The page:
Structural characteristics of cells

What to do? Design a PowerPoint presentation on the structural characteristics of cells.

With each slide

  • include images
  • highlight the important terms/ phrases in each dot point

You may copy and paste the points from this page!

Slide1: Title: Structural characteristics of cells.

Example slide:

 

Slide 2:   Outline the historical development of the cell theory

The cell theory states:

  1. Cells are the smallest units of life
  2. All living things are made of cells
  3. All cells come from pre-existing cells.

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Slide 3: Outline the contributions of Robert Hooke and Robert Brown to the cell theory.

  • Robert Hooke assisted with the development of the compound light microscope and use of the iris diaphragm. These technologies allowed cells to be observed for the first time.
  • In 1665 Robert Hooke used his light microscope to observe describe and describe cork cells.
  • Robert Brown was the first person to identify structures (such as the nucleus) within plant cells.

 

Slide 4:   Describe evidence to support the cell theory

 

  • The increasing body of information arising from the many microscopic and biological studies being carried out by research institutions is continuing to support the cell theory.
  • The development and use of increasingly precise and technical equipment is also providing further support to the cell theory.

 

Slides 4 , 5 & 6:   Discuss the significance of technological advances to developments in the cell    

                              theory

 

  • Scientific equipment is limited by the technology that is available at the time. In other words, “knowledge increases as technology improves”.
  • Developments in microscopes have greatly enhanced the detail at which microscopic objects can be viewed.  (i.e Simple light microscopes to complex electron scanning microscopes).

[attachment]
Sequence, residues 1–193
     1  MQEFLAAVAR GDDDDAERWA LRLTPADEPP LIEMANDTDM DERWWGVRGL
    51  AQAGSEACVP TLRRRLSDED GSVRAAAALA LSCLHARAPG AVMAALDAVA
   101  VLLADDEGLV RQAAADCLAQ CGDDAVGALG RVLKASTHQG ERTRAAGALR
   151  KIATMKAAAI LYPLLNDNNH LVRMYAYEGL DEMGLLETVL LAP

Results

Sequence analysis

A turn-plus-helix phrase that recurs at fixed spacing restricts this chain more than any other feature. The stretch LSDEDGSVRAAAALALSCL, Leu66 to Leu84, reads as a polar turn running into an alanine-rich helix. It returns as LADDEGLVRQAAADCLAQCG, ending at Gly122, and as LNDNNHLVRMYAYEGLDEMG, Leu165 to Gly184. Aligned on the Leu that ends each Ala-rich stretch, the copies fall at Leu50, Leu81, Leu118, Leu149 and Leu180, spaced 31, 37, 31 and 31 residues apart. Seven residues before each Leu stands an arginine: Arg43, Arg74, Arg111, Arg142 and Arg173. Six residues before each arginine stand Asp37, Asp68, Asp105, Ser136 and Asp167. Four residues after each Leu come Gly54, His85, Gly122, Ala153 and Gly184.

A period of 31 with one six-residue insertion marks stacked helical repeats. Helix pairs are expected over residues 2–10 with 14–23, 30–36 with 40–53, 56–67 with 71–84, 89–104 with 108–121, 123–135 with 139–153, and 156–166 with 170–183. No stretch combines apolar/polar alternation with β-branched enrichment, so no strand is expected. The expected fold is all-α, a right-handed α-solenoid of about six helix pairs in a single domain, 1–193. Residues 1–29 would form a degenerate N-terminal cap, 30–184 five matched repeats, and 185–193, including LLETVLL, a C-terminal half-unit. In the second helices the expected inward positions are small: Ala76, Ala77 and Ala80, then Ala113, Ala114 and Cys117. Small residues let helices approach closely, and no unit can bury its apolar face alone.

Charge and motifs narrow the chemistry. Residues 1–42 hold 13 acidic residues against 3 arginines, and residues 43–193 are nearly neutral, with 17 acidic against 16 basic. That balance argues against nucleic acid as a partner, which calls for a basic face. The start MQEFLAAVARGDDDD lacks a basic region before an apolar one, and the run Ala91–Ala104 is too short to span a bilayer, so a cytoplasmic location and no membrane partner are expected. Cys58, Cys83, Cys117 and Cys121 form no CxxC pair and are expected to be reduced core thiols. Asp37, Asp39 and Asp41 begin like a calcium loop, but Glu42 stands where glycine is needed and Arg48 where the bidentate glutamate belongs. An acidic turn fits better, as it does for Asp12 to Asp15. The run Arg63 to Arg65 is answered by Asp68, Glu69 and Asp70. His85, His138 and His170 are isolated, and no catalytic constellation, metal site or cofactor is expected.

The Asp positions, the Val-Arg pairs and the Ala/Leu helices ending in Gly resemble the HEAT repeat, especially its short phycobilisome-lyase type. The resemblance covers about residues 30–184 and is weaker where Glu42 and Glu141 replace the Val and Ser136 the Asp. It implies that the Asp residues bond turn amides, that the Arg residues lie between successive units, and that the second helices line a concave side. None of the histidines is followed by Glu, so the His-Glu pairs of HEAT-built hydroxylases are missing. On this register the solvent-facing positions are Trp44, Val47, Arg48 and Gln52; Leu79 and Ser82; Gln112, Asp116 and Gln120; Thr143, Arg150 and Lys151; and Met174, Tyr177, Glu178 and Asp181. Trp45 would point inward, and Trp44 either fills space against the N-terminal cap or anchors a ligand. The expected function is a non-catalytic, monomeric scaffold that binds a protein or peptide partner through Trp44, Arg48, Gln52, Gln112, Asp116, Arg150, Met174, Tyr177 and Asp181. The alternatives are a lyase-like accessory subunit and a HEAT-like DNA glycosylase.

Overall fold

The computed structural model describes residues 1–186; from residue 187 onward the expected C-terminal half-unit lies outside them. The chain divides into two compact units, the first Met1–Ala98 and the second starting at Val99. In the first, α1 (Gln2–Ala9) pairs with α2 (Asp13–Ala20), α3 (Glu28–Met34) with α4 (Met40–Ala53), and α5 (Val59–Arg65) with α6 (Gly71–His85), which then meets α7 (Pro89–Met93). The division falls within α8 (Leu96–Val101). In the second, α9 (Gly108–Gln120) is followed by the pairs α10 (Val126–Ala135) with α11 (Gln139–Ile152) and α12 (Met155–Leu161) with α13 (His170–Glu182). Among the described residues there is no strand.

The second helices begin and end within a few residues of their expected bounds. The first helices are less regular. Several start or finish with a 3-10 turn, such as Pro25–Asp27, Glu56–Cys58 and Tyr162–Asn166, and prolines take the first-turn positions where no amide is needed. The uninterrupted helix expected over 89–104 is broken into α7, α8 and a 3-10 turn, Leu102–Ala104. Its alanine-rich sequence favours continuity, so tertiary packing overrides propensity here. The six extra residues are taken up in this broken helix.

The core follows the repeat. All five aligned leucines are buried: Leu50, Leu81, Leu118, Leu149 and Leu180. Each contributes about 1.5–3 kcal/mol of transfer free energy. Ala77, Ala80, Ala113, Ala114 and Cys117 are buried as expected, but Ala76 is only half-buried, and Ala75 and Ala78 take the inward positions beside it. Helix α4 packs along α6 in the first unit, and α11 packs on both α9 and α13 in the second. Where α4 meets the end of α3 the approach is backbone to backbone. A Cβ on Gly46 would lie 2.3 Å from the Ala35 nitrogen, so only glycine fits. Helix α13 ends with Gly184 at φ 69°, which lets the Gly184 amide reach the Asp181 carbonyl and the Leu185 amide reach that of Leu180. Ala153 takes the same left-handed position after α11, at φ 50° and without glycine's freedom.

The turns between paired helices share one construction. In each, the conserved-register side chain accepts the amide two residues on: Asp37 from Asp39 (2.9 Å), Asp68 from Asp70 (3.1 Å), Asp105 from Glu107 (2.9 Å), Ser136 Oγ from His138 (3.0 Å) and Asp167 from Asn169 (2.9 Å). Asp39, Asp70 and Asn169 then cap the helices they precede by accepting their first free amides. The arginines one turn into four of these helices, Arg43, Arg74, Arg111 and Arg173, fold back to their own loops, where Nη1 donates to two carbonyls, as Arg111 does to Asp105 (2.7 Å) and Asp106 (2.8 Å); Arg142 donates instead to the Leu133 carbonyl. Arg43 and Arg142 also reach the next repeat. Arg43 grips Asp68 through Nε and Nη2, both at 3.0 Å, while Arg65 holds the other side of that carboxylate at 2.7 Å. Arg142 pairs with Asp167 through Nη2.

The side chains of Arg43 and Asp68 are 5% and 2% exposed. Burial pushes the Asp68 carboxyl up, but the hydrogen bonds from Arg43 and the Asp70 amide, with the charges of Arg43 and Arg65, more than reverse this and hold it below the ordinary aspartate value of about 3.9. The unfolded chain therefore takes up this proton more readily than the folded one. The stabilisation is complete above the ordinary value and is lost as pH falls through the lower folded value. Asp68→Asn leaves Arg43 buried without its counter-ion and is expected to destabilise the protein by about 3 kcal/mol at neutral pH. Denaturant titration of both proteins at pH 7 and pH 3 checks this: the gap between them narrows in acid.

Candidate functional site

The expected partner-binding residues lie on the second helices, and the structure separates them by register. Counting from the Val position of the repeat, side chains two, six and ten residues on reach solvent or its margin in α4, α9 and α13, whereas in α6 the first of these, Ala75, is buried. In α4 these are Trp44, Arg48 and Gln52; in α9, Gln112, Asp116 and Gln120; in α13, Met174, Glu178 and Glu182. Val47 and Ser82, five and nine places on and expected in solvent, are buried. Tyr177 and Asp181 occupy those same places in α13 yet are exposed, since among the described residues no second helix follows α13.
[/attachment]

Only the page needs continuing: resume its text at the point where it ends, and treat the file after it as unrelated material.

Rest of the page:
• Light sources for microscopes have improved significantly from the simple use of daylight.
  • Modern light microscopes utilize tungsten filaments, LED’s, electron beams and even x-rays as their light sources.
  • These light sources provide a more uniform beam of light to observe objects as well as a greater penetrating power (x-rays) for viewing inside microscopic objects.
  • The use of microtomes allows scientists to prepare extremely thin slides of specimens. This has greatly enhanced the detail that can be observed using light microscopes.
  • Significant improvements in the production of lenses and the use of multiple lenses within microscopes has improved the magnifying power and image accuracy (less distortion) of these technologies.
  • Staining techniques improve the contrast of cells being viewed using light microscopes. Stains allow scientists to observe structures that were previously not visible.
  • Computer technology allows scientists to construct detailed three dimensional models of cells and cell organelles.

 

Slides 6 & 7:   Identify cell organelles seen with current light and electron microscopes.

 

  • Organelles seen with current light microscopes include:

    • Nucleus
    • Cell membrane
    • Cytoplasm
    • Vacuoles
    • Chloroplasts (plants)
    • Cell wall (plants)

 

  • In addition to organelles seen using light microscopes the following organelles can be viewed in great detail using electron microscopes:

    • Mitochondrion
    • Ribosomes
    • Golgi body
    • Endoplasmic reticulum
    • Lysosomes
    • Peroxisomes
    • Centrioles

 

Slide 7:  Use secondary resources to complete the table below in your workbook.

 

Organelle name

Function

Nucleus

 

Cell membrane

 

Cytoplasm

 

Vacuoles

 

Chloroplasts (plants)

 

Cell wall (plants)

 

Mitochondrion

 

Ribosomes

 

Golgi body

 

Endoplasmic reticulum

 

Lysosomes

 

Peroxisomes

 

Centrioles

 

 

Additional activity:

Watch the following video showing some cellular organelles at work and make a list of the ones that you can identify.

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